What do you get when you combine a trucker with a rocket scientist?
That may have a number of answers with various levels of indelicacy and poor humor, but according to Chris Farmer, vice president of business development at SkyBitz, those are the ingredients that created the strange mix of people on board with the logistics technology company he evangelizes.
After emerging from stealth mode last month, SkyBitz announced a new $18 million venture financing round last week. AIG Highstar Capital LP, a transportation-focused investment vehicle, and Industrial Technology Ventures (ITV), which like the name suggests focuses on technologies applied to established industries, led the round.
This is actually the company’s third round of funding. Farmer’s former employer, Zero Gravity Venture Partners, funneled the company a $4 million Series A round in 2000.
Friends and family kicked in another $6 million in a round that converted into a Series B1 preferred stock round. Last week’s round was a Series B, and it still has room for another $2 million infusion.
SkyBitz has developed a cargo-tracking technology they call Global Locating System (GLS), and while it may sound similar to another well-known technology, it has a fundamental difference.
“Over the past couple years,” says Carl Ryden, principal at ITV, “we have seen about 30 business plans that basically take a GPS [global positioning system], duct-tape it to a satellite radio and call it a solution. We have looked at those and passed. This is really elegant. These guys have started with a blank piece of paper and designed a system.”
The difference is in the data processing. With a traditional GPS system, the mobile unit does all the thinking to figure where it is, but SkyBitz has taken the complex computation out of the mobile unit and housed it in a central data center – a characteristic designed into the system by the engineers from day one.
According to Farmer, this characteristic gives the units several advantages. First, this makes the mobile units cheaper, because they are less complex. More importantly, it dramatically reduces their power consumption, allowing them to run for several years on “AA” batteries, and as a result, the units are more mobile and easier to install, because they don’t have to be hard-wired to a power source.
“A lot of VCs don’t like investing in transportation,” Farmer says. He says VCs are concerned about dealing with unions, the extremely rough conditions faced by transportation hardware and a culture that purchases technology differently than other industries.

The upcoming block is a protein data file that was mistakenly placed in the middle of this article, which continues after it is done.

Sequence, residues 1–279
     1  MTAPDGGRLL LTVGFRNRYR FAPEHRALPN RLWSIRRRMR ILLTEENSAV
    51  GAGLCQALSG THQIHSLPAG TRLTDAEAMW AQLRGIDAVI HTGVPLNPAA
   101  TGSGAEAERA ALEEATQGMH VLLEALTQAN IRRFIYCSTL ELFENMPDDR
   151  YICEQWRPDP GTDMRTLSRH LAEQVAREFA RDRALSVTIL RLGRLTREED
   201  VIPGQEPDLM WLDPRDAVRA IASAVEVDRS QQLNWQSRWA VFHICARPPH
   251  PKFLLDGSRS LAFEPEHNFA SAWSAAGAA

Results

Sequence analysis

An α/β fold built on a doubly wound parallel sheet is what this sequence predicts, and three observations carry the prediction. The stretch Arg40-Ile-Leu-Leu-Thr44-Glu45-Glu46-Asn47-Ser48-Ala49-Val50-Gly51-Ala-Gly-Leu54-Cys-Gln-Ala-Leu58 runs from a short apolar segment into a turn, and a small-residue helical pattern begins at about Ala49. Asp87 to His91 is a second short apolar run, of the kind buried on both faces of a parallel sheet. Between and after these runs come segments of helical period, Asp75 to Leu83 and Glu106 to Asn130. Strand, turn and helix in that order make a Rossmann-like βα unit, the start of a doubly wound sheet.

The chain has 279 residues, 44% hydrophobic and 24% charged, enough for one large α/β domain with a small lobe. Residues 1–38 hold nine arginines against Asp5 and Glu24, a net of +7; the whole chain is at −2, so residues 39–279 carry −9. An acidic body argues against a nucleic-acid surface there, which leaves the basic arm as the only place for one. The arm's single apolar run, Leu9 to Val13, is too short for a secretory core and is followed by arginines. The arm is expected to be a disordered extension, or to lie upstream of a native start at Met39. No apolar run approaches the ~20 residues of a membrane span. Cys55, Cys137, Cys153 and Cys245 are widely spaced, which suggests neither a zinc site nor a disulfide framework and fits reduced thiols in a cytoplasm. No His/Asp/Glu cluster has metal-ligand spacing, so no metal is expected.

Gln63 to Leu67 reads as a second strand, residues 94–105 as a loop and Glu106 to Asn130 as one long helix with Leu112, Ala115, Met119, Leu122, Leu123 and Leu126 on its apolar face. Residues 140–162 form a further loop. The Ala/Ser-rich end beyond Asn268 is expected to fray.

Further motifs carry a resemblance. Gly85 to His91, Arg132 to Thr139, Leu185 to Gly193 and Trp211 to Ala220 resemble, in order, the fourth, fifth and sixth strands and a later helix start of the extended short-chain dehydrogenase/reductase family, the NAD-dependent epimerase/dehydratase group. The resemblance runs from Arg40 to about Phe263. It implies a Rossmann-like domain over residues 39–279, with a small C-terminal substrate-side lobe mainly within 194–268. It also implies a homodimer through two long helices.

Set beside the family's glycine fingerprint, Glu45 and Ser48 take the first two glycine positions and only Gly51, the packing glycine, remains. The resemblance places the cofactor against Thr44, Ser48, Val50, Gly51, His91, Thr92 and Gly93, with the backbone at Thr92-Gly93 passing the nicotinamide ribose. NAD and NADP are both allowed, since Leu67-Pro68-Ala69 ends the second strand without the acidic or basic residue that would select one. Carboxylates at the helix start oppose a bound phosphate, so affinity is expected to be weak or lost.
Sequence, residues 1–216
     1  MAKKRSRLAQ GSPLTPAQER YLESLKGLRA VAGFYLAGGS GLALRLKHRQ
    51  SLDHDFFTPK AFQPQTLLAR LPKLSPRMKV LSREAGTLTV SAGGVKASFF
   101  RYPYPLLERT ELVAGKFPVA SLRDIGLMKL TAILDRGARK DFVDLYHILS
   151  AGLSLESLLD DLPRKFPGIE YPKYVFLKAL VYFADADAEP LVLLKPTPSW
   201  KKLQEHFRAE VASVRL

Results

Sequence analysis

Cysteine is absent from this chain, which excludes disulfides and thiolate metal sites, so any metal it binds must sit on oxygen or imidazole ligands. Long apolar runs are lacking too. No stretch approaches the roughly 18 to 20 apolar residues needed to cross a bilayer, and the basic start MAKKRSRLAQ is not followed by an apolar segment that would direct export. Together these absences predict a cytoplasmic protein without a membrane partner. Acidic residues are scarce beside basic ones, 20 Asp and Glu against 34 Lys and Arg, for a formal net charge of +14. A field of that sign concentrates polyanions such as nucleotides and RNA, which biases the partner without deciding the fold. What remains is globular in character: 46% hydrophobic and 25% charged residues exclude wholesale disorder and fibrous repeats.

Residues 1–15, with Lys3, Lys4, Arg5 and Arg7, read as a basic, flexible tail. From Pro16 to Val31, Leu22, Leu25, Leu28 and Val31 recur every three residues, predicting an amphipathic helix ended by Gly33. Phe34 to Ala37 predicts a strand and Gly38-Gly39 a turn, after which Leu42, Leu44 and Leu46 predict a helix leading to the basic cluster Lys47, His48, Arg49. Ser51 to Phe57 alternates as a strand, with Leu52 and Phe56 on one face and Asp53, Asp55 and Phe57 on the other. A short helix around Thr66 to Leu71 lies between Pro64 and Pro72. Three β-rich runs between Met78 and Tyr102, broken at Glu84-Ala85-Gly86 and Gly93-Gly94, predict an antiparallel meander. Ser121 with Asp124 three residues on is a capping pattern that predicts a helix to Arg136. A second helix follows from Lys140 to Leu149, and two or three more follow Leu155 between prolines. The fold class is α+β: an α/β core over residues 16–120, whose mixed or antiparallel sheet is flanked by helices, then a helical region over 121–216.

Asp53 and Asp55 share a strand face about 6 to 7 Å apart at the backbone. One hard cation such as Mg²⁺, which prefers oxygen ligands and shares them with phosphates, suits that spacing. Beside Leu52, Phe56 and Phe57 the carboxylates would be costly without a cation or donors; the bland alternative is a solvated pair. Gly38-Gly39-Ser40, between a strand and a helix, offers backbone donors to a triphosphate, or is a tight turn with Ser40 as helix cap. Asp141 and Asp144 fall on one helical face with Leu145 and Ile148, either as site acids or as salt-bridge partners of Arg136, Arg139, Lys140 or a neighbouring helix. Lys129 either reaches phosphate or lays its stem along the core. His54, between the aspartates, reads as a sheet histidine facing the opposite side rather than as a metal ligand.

However, Highstar is funded by several large insurance companies, like its sponsor AIG, and capital equipment lessors, like GE Capital, that commonly deal with the transportation industry. For its part, ITV was established as a joint venture between AIG and Atlanta-based Cordova Ventures to focus on just this type of technology.
While trucking is SkyBitz’ primary focus now, the technology had its start with a DARPA grant. The government funded some rocket scientists to develop a system to track satellites, and when they were done, ITV’s Ryden says the engineers used the same technology and algorithms to reverse the process and track objects on Earth.
SkyBitz’ Farmer says the company has won a formally-unannounced, significant government contract to work on tracking inbound marine shipments. SkyBitz is also working with labs to add sensors to the mobile units. The company already sells units that can monitor humidity and temperature elements in refrigerated trucks.
Costs for the mobile units start at $375, and Farmer hopes to get prices down to $100 in volume. Monthly airtime subscriptions to the service – where the company hopes to really make its money – start at $7.50. Ryden says the company needs to sign up 50,000 trailers to break-even, and it already has purchase orders and letters of intent associated with more trailers than that.
Farmer says he expects SkyBitz to recognize $2 million of revenue this year, and between $30 million and $40 million in 2003. He did not disclose the valuation of the round or the company’s burn rate. However, he says he expects SkyBitz to breakeven in the third quarter of 2003.
Contact Charles Fellers